Today The Criterion Collection announced their July 2017 line-up, and it’s got one of my favorite films from one of my favorite directors finally coming to the collection on Blu-ray — Andrei Tarkovsky’s Stalker!

The blurbs are from The Criterion Collection’s website (so are the links) — go there to see the details on the supplements.


July 11, 2017

Roberto Rossellini’s War Trilogy
-Rome Open City (1945)
Paisan (1946)
Germany Year Zero (1948)

From The Criterion Collection:

Roberto Rossellini is one of the most influential filmmakers of all time. And it was with his trilogy of films made during and after World War II—Rome Open City, Paisan, and Germany Year Zero—that he left his first transformative mark on cinema. With their stripped-down aesthetic, largely nonprofessional casts, and unorthodox approaches to storytelling, these intensely emotional works were international sensations and came to define the neorealist movement. Shot in battle-ravaged Italy and Germany, these three films are some of our most lasting, humane documents of devastated postwar Europe, containing universal images of both tragedy and hope.


July 11, 2017

L’argent (1983)
d. Robert Bresson

From The Criterion Collection:

In his ruthlessly clear-eyed final film, French master Robert Bresson pushed his unique blend of spiritual rumination and formal rigor to a new level of astringency. Transposing a Tolstoy novella to contemporary Paris, L’argent follows a counterfeit bill as it originates as a prop in a schoolboy prank, then circulates like a virus among the corrupt and the virtuous alike before landing with a young truck driver and leading him to incarceration and violence. With brutal economy, Bresson constructs his unforgiving vision of original sin out of starkly perceived details, rooting his characters in a dehumanizing material world that withholds any hope of transcendence.


July 18, 2017

Stalker (1979)
d. Andrei Tarkovsky

From The Criterion Collection:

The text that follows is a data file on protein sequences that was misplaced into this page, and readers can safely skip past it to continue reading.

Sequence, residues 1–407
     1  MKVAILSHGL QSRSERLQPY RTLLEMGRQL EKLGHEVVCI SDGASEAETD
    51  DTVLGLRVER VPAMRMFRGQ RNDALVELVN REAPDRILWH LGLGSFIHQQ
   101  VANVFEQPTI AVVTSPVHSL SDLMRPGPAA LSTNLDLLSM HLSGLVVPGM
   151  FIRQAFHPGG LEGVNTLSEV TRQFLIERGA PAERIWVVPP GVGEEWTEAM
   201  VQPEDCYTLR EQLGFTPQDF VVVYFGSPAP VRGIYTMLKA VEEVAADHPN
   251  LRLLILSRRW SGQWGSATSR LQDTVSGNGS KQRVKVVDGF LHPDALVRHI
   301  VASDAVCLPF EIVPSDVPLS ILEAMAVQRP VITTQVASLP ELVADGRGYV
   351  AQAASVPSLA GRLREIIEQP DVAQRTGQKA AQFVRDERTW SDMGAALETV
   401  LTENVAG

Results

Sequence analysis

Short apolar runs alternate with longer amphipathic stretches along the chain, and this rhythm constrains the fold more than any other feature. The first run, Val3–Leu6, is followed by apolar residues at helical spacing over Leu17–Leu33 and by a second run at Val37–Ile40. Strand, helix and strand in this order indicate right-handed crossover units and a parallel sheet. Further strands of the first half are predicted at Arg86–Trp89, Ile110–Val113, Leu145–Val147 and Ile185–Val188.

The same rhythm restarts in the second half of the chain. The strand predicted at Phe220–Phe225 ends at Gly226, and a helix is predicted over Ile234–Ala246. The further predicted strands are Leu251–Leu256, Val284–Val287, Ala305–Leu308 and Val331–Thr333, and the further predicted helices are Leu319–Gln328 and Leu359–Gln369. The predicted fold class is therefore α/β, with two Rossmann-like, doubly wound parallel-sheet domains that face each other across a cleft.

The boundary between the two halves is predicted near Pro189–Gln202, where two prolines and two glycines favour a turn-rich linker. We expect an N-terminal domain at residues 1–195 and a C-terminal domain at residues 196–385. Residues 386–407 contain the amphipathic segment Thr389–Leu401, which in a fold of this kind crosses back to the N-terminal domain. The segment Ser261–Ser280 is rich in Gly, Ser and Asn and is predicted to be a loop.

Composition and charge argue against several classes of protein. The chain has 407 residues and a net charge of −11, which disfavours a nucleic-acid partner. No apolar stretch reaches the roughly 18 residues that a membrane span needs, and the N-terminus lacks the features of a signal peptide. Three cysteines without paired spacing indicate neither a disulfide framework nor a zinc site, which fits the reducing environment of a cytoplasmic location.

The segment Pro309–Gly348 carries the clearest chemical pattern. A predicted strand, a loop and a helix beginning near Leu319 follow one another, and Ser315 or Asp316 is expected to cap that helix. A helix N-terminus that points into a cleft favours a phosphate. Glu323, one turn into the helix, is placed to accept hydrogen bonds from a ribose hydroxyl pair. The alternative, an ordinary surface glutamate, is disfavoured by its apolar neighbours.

Andrei Tarkovsky’s final Soviet feature is a metaphysical journey through an enigmatic postapocalyptic landscape, and a rarefied cinematic experience like no other. A hired guide—the Stalker—leads a writer and a scientist into the heart of the Zone, the restricted site of a long-ago disaster, where the three men eventually zero in on the Room, a place rumored to fulfill one’s most deeply held desires. Adapting a science-fiction novel by Arkady and Boris Strugatsky, Tarkovsky created an immersive world with a wealth of material detail and a sense of organic atmosphere. A religious allegory, a reflection of contemporaneous political anxieties, a meditation on film itself—Stalker envelops the viewer by opening up a multitude of possible meanings.


July 25, 2017

Lost in America (1985)
d. Albert Brooks

From The Criterion Collection:

In this hysterical satire of Reagan-era values, written and directed by Albert Brooks, a successful Los Angeles advertising executive (Brooks) and his wife (Julie Hagerty) decide to quit their jobs, buy a Winnebago, and follow their Easy Rider fantasies of freedom and the open road. When a stop in Las Vegas nearly derails their plans, they’re forced to come to terms with their own limitations and those of the American dream. Brooks’s barbed wit and confident direction drive Lost in America, a high point in the string of restless comedies about insecure characters searching for satisfaction in the modern world that established his unique comic voice and transformed the art of observational humor.

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By | 2017-08-04T16:16:02+00:00 April 17th, 2017|Categories: News|2 Comments

2 Comments

  1. Dennis Lang April 17, 2017 at 6:04 pm

    Thanks for the update. Great mix of films. For those who haven’t seen “Stalker” it really sort of defies characterization. Some of you may be familiar with Geoff Dyer’s book “Zona”. based on the movie– a very interesting hybrid, with memoir mixed in, that also defies characterization.

  2. Trevor Berrett April 17, 2017 at 6:22 pm

    That’s been my most anticipated Criterion release for some time, Dennis. An astonishing film. By the way, I was happy to see that Criterion is including Dyer in their supplements.

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